Because most veterinarians enter the profession to help animals, it can be a challenge to get practice owners to change their way of thinking about discounted services, Dowdy says.
“Practice owners have to decide what kind of practice they want,” Johnson says.

“Do they want a high-tech, high-rent, high-employee, Ritz Carlton-type of hospital?” she asks. “If so, the client is going to have to pay for that service or the practice owner is going to suffer financially.”

“A lower-cost practice,” Dowdy says, “perhaps a satellite facility with lower rent and lower-cost care is usually more capable of giving the client more pricing options.”

“Do they want to be the not-for-profit animal hospital in the community or operate as a for-profit hospital?” Johnson asks. “The client has to cover the costs. It’s not fair to discount some clients and expect all others to pay full price. It cheapens the veterinarian’s value as a caretaker.”

Dowdy agrees. “It is better practice management to charge consistent yet fair prices to all clients for all services.”

“Keep in mind that discounting can devalue the entire team,” says Johnson. “Really, giving one client a better price than another for the same service goes against most veterinarians’ core values of honesty and integrity. And there is no documentation and measurement to show that deep discounts work when trying to increase revenue, compliance or reputation.”

“Only three percent of the pets in the country are covered by pet insurance,” Dowdy notes. “Veterinary professionals might consider encouraging their clients to buy pet insurance to help cover veterinary costs.”

She encourages veterinarians to discuss third-party financing and pet insurance with their colleagues, as well.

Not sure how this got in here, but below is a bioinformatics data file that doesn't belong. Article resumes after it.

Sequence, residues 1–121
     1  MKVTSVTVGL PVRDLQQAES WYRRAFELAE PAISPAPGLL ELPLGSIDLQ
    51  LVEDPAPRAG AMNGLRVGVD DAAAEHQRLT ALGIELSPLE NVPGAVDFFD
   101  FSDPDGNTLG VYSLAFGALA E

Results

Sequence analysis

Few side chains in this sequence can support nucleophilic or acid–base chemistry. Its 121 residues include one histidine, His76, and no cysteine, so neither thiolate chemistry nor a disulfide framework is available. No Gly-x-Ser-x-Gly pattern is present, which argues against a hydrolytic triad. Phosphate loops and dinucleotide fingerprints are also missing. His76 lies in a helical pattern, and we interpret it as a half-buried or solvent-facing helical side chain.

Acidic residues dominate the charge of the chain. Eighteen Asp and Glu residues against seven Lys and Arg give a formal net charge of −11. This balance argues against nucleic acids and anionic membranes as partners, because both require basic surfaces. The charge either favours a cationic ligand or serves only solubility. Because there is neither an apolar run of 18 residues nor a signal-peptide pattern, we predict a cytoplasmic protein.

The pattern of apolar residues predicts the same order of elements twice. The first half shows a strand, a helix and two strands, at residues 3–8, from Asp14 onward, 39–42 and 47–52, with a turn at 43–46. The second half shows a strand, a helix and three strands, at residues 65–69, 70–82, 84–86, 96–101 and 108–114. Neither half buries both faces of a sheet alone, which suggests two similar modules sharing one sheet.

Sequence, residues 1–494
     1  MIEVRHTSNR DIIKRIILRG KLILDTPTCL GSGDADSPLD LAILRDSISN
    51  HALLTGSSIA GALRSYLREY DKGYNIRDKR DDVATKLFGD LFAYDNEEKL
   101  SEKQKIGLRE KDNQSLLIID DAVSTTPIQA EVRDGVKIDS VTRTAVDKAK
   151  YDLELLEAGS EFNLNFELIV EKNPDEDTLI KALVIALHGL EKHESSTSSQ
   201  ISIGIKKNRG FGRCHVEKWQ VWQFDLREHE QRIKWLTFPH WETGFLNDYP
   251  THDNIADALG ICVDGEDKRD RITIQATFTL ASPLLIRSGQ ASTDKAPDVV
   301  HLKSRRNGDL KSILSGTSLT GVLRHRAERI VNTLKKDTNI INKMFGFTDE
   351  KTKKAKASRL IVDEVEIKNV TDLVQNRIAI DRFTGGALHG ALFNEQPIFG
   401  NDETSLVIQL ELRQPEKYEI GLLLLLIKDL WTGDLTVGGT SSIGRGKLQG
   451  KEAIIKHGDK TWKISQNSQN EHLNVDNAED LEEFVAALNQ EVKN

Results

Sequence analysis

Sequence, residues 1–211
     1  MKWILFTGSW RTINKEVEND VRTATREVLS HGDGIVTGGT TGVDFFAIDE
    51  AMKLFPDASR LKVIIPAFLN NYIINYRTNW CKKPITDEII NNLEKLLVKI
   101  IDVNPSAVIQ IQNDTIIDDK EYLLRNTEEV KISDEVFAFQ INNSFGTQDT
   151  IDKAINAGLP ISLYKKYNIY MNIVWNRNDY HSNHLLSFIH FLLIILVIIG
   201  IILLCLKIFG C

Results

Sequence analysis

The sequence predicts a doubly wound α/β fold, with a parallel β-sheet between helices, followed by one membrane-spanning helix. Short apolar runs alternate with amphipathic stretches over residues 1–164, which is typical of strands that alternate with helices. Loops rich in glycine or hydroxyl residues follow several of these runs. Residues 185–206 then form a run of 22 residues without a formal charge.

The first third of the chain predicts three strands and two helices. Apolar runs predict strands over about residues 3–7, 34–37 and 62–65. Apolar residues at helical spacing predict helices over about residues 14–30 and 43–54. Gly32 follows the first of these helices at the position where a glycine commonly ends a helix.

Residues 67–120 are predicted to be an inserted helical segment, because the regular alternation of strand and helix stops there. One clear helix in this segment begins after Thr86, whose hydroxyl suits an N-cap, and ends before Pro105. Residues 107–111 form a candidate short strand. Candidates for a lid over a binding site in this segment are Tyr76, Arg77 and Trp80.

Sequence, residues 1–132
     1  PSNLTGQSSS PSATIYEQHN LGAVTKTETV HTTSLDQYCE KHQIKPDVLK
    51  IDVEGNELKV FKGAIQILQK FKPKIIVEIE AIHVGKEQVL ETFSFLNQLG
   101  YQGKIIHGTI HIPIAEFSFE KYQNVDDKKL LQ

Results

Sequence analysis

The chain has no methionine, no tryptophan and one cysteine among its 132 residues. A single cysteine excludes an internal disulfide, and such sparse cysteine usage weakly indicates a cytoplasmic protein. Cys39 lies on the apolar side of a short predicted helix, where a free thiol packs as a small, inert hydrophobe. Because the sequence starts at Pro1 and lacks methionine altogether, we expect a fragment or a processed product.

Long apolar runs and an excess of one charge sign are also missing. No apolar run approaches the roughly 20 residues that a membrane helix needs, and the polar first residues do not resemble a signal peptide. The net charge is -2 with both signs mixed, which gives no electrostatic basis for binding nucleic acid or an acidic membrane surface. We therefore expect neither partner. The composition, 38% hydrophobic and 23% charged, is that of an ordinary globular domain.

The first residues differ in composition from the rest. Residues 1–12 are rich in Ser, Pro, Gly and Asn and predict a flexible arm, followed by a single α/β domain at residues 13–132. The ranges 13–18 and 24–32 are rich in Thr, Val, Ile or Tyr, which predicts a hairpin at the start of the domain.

“Practitioners are missing out on more than money,” she says. “By providing clients with information about all their financing options, they can offer support, increase loyalty and compliance with point-of-sale decisions.”

Tough Times and Tight Budgets

If a practitioner wants to help clients in this tight economy, the consultants suggest discounting be replaced by across-the-board reduced rates or rebates.

“That way, individual clients don’t get a deep discount that others don’t,” Johnson says. “And veterinarians don’t devalue themselves or their team. Costs for services become more equitable for both parties.

“Remember, as a practice owner, you have to cover all of your overhead and expenses, your HR costs and all operational costs. When you don’t charge enough, eventually the clients, the practice owner and the staff all suffer.

“Strategic pricing is important,” she says. “Discounts need to be tagged to a marketing plan. With the combination of planned discounts and the availability of third-party financing and pet insurance, you don’t have to give away veterinary care.”

“Before X-raying the pocketbook of the client and determining they can’t afford the recommended treatment care plan,” Dowdy says, “encourage them to explore third-party financing and pet insurance. Don’t give away your service first.”

The consultants also found that most practice managers are also responsible for keeping an eye on accounts receivable, which are not going to be consistent if unplanned discounts are not documented in the practice management software system.

“Keeping full and fair prices for services rendered by using third party financing and pet insurance helps practices better manage revenue and keeps veterinary hospitals from carrying pet-care financing for their clients who can’t pay the entire invoice at the time of service,” Dowdy says.

“Veterinarians are not in the banking business,” Johnson notes. “And most practices aren’t large enough to have the infrastructure to be in the financing business. Third-party financing and pet insurance give them a better way of managing their costs and revenues.”

This Education Series article is underwritten by ChaseHealthAdvance financing options of Wilmington, Del.